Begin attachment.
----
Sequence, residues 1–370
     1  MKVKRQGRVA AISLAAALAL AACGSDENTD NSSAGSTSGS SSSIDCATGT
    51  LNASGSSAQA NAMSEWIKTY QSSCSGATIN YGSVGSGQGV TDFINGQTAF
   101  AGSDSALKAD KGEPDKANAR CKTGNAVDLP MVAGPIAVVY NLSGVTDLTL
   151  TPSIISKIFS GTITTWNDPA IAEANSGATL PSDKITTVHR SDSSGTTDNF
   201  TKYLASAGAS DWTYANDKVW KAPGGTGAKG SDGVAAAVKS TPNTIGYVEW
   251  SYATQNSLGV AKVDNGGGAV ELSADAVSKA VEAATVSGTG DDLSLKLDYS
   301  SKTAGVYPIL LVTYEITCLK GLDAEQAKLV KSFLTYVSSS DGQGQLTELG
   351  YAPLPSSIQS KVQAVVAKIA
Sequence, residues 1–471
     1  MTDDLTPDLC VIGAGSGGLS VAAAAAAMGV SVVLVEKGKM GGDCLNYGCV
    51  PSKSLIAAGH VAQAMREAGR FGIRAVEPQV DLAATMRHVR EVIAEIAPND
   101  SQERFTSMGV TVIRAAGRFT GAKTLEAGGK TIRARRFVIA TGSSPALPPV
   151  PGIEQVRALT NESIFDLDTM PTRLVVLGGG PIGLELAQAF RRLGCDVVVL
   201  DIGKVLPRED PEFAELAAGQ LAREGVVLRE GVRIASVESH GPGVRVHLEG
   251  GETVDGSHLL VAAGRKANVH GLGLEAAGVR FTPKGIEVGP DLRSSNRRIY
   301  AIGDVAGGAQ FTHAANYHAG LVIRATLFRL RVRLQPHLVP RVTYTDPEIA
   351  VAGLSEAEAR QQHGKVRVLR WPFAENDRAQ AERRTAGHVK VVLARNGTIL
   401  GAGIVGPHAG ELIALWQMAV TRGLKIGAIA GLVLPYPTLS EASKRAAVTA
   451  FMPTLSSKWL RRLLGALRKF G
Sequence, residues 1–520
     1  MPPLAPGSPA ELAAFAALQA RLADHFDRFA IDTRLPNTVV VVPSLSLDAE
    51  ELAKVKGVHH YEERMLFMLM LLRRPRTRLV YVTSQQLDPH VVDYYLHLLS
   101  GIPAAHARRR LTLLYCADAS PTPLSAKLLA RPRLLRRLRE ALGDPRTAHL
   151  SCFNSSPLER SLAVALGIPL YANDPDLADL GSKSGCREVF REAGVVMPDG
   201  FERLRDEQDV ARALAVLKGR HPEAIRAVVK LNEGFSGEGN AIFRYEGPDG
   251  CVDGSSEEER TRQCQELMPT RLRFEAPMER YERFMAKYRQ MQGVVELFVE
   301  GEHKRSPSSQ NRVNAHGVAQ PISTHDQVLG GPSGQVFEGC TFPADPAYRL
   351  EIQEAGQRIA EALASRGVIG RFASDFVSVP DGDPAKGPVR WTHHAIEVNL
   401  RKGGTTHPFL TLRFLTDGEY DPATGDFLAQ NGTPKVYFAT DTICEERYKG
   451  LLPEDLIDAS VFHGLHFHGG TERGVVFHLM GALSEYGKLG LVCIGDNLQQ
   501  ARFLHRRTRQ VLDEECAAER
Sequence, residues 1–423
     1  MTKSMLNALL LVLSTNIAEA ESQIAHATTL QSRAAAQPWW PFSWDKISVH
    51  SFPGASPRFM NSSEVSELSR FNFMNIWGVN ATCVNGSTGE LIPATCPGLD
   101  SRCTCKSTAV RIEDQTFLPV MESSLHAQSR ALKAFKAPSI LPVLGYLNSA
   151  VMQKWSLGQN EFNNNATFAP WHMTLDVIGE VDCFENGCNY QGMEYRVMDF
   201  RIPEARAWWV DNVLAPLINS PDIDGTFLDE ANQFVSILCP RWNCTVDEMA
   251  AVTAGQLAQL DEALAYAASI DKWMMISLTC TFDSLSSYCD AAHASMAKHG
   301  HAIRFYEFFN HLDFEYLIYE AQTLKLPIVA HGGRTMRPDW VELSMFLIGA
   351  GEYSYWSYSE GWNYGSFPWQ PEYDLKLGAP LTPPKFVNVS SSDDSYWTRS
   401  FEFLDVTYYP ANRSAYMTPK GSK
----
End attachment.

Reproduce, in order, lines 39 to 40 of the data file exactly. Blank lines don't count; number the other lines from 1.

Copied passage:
   251  AVTAGQLAQL DEALAYAASI DKWMMISLTC TFDSLSSYCD AAHASMAKHG
   301  HAIRFYEFFN HLDFEYLIYE AQTLKLPIVA HGGRTMRPDW VELSMFLIGA